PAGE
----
On the occasion of my yearly visit to cherry blossomed Japan, I decided to extend my travel horizons and attempt to get in touch with locals involved in wet shaving (barber hop). Two years ago, I had done the same with another hobby of mine (pipe smoking) and the long evening I spent with the members of a south Tokyo pipe club will forever be one of my most memorable and heart warming Japanese experiences.
Wet shave in Japan…
To my surprise, my pre-departure search, revealed no shaving clubs nor in Tokyo or in any other major japanese city. Googgling here and there, I soon realized that despite the kamisori tradition, wet shaving as a hobby is still embryonic in Japan and organized communities are non-existent.Therefore, my only way out was to contact field professionals – this was on my mind anyway, in order to promote my work.
Looking for a barber shop
The typical barber shop in Japan is shaped exactly as know it in Greece. Small in size, mainly situated in residential areas and of a highly personal character. Of course, higher end barbershops do exist, offering premium services to financially comfortable people and expats.
This category includes hip areas’ shops that have been affected by the recent trend of transforming the old fashioned barbery into a stylish shop, as well as some ultra luxurious establishments that provide their services at impossibly high prices. A good example of the latter is the barber shop situated inside Dunhill’s three-storey flagship shop in Ginza).
The cost of a full visit (haircut plus shave) starts at around 2,500 yen (about 20 €) for suburban stores, doubles in fancy barbers and exceeds 10,000 yen in Dunhill styled places.
Through a Japanese friend, I tried to get in touch with several of upmarket establishments and arrange a visit to present my brushes. Miraculously, one of them responded to my request and agreed to use/test my brushes on a paid visit, as well as to allow me photograph the whole experience.
For those familiar with the Japanese reality (aka the stiffness in handling newly made contacts and their total denial against being exposed electronically, this was really a grand feat indeed.
The Barber shop
The meeting was held for 11 am. I arrived armed with seven briar brush bases plus all the knots that I use.
I was welcomed in the store’s entrance by my suit clad barber, who then led me to a private room, where we would talk and then shave. Everything in the room (unfortunately my friend did not shoot enough pictures) was exhilarating.
The airy size, the totally luxurious finish, the extensive use of wood in the decoration and the leather armchair I was sitting upon. But most of all, the hifi system. Honestly, I had had never imagined that I would get shaved escorted by jazz music out of a tube amplifier and high end speakers…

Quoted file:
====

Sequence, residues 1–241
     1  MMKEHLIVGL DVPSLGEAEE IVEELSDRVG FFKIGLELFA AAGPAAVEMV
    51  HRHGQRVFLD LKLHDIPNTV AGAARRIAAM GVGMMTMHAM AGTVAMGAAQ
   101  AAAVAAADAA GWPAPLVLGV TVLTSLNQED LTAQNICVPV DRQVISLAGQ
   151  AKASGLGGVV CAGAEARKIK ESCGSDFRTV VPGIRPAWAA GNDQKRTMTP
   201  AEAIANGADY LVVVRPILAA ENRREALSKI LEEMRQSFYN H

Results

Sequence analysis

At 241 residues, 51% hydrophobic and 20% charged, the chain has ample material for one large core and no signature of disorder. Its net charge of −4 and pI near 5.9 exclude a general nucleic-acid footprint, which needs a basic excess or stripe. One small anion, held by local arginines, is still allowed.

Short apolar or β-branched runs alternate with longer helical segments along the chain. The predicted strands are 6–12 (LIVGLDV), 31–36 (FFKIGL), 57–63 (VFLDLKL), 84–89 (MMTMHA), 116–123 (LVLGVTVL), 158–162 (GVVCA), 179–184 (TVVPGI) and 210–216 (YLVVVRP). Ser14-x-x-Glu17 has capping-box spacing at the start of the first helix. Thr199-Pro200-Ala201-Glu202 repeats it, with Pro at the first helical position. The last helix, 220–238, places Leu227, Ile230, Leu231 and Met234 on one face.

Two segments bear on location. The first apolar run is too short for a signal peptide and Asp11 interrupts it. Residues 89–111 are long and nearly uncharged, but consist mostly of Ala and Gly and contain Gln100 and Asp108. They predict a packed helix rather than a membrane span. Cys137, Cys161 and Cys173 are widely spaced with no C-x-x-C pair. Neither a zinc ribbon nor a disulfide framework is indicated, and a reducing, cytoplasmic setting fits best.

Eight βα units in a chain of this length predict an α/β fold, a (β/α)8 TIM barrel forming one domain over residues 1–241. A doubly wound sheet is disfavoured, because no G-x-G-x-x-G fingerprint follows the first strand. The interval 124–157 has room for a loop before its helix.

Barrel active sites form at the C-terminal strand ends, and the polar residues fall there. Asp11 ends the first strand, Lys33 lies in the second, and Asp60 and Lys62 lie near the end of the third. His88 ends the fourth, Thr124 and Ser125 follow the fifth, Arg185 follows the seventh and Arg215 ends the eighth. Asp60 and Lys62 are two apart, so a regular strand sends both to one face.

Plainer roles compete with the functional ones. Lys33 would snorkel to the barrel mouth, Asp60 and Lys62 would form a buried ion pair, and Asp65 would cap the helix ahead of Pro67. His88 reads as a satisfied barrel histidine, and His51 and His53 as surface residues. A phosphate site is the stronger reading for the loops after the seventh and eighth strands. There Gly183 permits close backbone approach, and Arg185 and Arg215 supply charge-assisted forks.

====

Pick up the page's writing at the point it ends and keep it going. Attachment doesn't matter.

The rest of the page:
While I was getting seated comfortably on the armchair, my brush (which had already been handed over to the barber) was taking his hot bath along with the rest of the shaving tools.
For my presentation, I chose a simple base design loaded with the silvertip knot of Men’s Only LE brush.
As soon as the armchair reclined to an almost bed configuration, the barber covered my face with hot towels and then applied some kind of thin pre-shave oil before proceeding to the lather phase.
Despite my expectations, the initial soap layer was rather thin and unprotective. The shaving that followed however, was not carried out by a blade. A Feather-made crossover tool (knife handle with a disposable set of blades) was used instead.
The facial hair removal begun from the forehead area – do not ask why, it is one of the grand mysteries of the Universe (especially in my case). In the mean time, a hose was sending thick clouds of steam to my face, most probably so as to have it properly moisturized throughout the shaving process.
The mask on the barber’s face was an interesting japanese-only detail. I firmly believe that this was done in order to protect the client from the barber’s breath (and vice versa).
The second pass of lather was kinda richer and then a Kai knife was used. It immediately became clear that my barber was using it quite professionally, with very short blade strokes that were never made the presence of the blade ‘known’ to my skin or gave me any kind of scratchy feeling.
The shave was followed by a hot towel ‘assault’ on my freshly cleaned face. Following that, an oily after shave lotion was applied, which helped the ‘master’ finish his job with a quick face massage.
The final stage of my Nippon barber experience was an upper back and shoulders massage. No photos of me on this place, as I literally ‘melt’ during the process…
Overall and final thoughts
The whole experience was totally enjoyable and literally ‘extinguished’ any connection I had to the outside world.
I kept some notes though, first one being the lack of attention in the throat area (the job done there was simply not as good).
The fact that I was not shaved against the grain also surprised me. Finally, I feel that I need to leave another comment on the sparse use of lather. This was something rather unexplainable as I have seen plenty of videos of Japanese barbers, producing richly lathered faces – I guess that there is always a trade-off when choosing between a basic place to get shaved clean and a posh place to get shaved and pampered at the same time.